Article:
Breakfast with Philip Lewis Adrian Mourby

Breakfast with Philip Lewis

( words)

Philip Lewis, general manager of the Randolph in Oxford, has breakfast with Adrian Mourby, photographed by Kate Tadman-Mourby

I met the general manager of the Randolph, Philip Lewis, for breakfast and a hotel tour. Philip joined in 2019 the Randolph while it was still part of Macdonald Hotels. He has since stayed on to oversee this multi-million pound refurbishment. The purchase of The Randolph by A.J.Capital/Graduate Hotels has brought a much needed injection of money into a great Oxford institution. However much it has cost – and it’s a lot - he has never been told. “Never?” I repeat. And he remains diplomatically silent on the subject.

As ever, I put to him our famoushotels General Managers’ Breakfast questionnaire:

What is your favourite breakfast? 

I'd like to say the Full English Breakfast but these days I tend to go for poached eggs and bacon.


Is there a dress code at The Randolph? 



Could you imagine welcoming a guest in jeans and t-shirt? 

Absolutely (NB: Philip was wearing a jacket and open neck shirt whereas Michael Grange, long-term GM of the hotel in early 2000s always greeted guests in full morning dress) 


What was your dream profession as a child?

I wanted to run a sweet shop. I asked my four-year daughter recently what she wanted to be when she grew up and she said she wanted to be a fairy. I'm not sure if there's much money in that! Maybe she can be a tooth-fairy. 


What did you change when you took over?

Well there was this strange smell of old drains that used to come into the dining room occasionally - a lot of people mentioned it - so I asked our maintenance guy to look into it and he disappeared into the lift shaft for ages. And I thought "Have I just lost my maintenance supervisor?" Eventually he came back. He'd found an uncapped [mediaeval] sewer running under the hotel. So we concreted that over and got rid of the smell.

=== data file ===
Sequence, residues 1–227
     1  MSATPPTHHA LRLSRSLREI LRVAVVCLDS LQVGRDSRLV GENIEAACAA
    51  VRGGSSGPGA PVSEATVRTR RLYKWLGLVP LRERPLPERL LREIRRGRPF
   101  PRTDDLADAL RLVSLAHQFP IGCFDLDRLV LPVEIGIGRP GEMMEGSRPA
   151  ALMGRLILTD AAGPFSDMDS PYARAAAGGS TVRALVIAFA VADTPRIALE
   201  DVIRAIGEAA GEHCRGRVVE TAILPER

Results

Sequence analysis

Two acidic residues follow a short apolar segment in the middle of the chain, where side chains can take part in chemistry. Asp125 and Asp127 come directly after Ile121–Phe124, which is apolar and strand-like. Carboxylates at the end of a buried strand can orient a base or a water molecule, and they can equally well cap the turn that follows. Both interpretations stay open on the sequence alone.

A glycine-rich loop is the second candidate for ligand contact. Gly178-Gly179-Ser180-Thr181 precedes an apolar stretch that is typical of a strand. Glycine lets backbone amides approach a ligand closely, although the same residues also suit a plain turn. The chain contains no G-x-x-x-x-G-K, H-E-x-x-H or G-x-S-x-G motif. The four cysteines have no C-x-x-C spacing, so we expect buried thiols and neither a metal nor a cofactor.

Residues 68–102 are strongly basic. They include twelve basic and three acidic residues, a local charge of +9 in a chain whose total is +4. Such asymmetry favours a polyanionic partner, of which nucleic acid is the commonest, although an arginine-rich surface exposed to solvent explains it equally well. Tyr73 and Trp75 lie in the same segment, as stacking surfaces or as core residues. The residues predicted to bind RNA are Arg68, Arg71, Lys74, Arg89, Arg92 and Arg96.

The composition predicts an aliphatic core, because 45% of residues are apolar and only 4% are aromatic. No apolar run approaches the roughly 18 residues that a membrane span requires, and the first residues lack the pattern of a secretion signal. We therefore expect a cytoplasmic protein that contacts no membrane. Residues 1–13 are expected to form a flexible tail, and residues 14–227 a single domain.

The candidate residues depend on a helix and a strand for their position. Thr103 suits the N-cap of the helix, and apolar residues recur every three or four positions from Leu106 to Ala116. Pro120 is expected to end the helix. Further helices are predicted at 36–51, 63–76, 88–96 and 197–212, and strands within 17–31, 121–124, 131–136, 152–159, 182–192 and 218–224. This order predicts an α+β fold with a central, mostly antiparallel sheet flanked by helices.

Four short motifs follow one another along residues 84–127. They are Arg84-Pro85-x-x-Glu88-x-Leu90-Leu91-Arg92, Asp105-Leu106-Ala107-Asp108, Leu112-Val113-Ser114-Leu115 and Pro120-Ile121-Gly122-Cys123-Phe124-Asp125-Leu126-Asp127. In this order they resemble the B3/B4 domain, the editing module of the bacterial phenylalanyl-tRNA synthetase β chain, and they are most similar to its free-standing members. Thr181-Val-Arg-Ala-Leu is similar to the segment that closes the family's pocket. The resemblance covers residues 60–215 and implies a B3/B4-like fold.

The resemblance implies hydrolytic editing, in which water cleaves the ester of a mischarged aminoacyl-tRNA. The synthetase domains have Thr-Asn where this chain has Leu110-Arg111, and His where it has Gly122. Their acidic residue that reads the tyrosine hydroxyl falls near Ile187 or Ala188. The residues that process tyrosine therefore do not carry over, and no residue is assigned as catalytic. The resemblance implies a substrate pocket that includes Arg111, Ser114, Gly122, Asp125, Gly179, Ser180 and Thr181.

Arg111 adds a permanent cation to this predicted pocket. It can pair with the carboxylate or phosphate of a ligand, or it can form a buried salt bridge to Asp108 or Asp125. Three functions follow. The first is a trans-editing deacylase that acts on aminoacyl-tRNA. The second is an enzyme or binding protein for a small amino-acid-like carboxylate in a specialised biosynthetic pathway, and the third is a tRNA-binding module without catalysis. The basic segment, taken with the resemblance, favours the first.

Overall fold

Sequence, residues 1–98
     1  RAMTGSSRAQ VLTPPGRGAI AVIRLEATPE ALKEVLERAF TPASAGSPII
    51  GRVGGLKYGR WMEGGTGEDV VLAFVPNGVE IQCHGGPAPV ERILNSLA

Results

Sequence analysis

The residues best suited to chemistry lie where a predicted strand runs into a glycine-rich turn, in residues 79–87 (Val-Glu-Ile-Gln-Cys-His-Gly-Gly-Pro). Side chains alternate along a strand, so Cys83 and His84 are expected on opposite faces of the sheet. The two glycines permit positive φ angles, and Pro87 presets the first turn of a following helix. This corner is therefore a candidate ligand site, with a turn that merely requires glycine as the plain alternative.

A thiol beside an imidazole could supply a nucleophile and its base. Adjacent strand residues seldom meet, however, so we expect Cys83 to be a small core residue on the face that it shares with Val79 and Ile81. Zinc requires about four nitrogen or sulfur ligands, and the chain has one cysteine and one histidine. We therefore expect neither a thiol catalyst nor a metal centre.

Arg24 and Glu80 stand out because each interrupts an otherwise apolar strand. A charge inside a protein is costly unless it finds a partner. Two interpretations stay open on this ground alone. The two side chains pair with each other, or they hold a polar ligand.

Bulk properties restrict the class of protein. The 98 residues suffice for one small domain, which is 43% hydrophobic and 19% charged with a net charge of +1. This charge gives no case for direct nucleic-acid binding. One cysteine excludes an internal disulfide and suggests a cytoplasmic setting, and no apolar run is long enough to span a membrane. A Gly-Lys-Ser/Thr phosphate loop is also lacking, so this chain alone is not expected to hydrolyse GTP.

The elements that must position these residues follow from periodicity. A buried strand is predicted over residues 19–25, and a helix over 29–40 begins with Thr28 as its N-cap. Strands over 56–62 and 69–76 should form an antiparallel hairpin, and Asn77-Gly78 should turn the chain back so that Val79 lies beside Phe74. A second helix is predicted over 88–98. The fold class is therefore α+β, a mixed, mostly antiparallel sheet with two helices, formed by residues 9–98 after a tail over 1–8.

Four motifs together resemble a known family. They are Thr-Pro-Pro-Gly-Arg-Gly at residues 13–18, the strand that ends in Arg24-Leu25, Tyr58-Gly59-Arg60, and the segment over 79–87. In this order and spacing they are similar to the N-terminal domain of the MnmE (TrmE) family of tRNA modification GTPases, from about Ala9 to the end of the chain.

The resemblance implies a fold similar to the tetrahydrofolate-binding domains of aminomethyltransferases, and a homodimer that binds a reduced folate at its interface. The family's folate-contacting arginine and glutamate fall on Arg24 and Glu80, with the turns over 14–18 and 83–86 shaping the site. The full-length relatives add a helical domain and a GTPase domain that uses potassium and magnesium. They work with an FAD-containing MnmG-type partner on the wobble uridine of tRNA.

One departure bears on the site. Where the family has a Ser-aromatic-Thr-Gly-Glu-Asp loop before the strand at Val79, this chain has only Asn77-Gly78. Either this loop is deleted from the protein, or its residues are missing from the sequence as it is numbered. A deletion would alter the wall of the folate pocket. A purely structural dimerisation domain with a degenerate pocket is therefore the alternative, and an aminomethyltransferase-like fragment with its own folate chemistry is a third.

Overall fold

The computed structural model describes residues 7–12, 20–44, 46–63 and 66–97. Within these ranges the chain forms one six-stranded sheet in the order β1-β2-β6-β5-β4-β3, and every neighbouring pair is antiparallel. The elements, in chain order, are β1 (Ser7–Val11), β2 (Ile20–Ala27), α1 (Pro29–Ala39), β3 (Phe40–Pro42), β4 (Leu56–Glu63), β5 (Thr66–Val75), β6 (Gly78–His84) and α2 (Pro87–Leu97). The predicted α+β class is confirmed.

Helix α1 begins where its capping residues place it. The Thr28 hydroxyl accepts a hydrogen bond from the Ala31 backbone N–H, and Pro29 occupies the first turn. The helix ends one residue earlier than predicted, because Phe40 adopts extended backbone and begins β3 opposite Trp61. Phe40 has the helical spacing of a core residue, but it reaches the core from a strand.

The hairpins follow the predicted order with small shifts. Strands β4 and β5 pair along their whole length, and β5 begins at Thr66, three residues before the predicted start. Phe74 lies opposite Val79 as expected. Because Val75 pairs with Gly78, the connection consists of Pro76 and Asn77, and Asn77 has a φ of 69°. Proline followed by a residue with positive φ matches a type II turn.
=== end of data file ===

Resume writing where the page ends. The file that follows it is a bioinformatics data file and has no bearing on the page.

There was also a bedroom that lost a lot of space to a cupboard on the landing outside so I said, "Get rid of the cupboard and make the bedroom bigger." It should have been easy but this is an old building. I think it turned out to be the most expensive part of the refurbishment!


How important is the hotel's history as a marketing tool?

Very, very important. It's not just about having a bed to sleep in. People want to be part of a story.


Have you studied the history of the hotel and its related facts?

Yes. And one of the things I have found in Oxford is that everyone knows better than you. I was giving a talk recently and I mentioned a photo of a steamboat in the bedrooms. And the fact that it used to take women students at Oxford over to Ireland and someone interrupted me to point out not only the name of the boat but also the name of the captain!


What do you want to have accomplished in the next ten years?

To put the Randolph back at the top and to make it a part of the Oxford community again.

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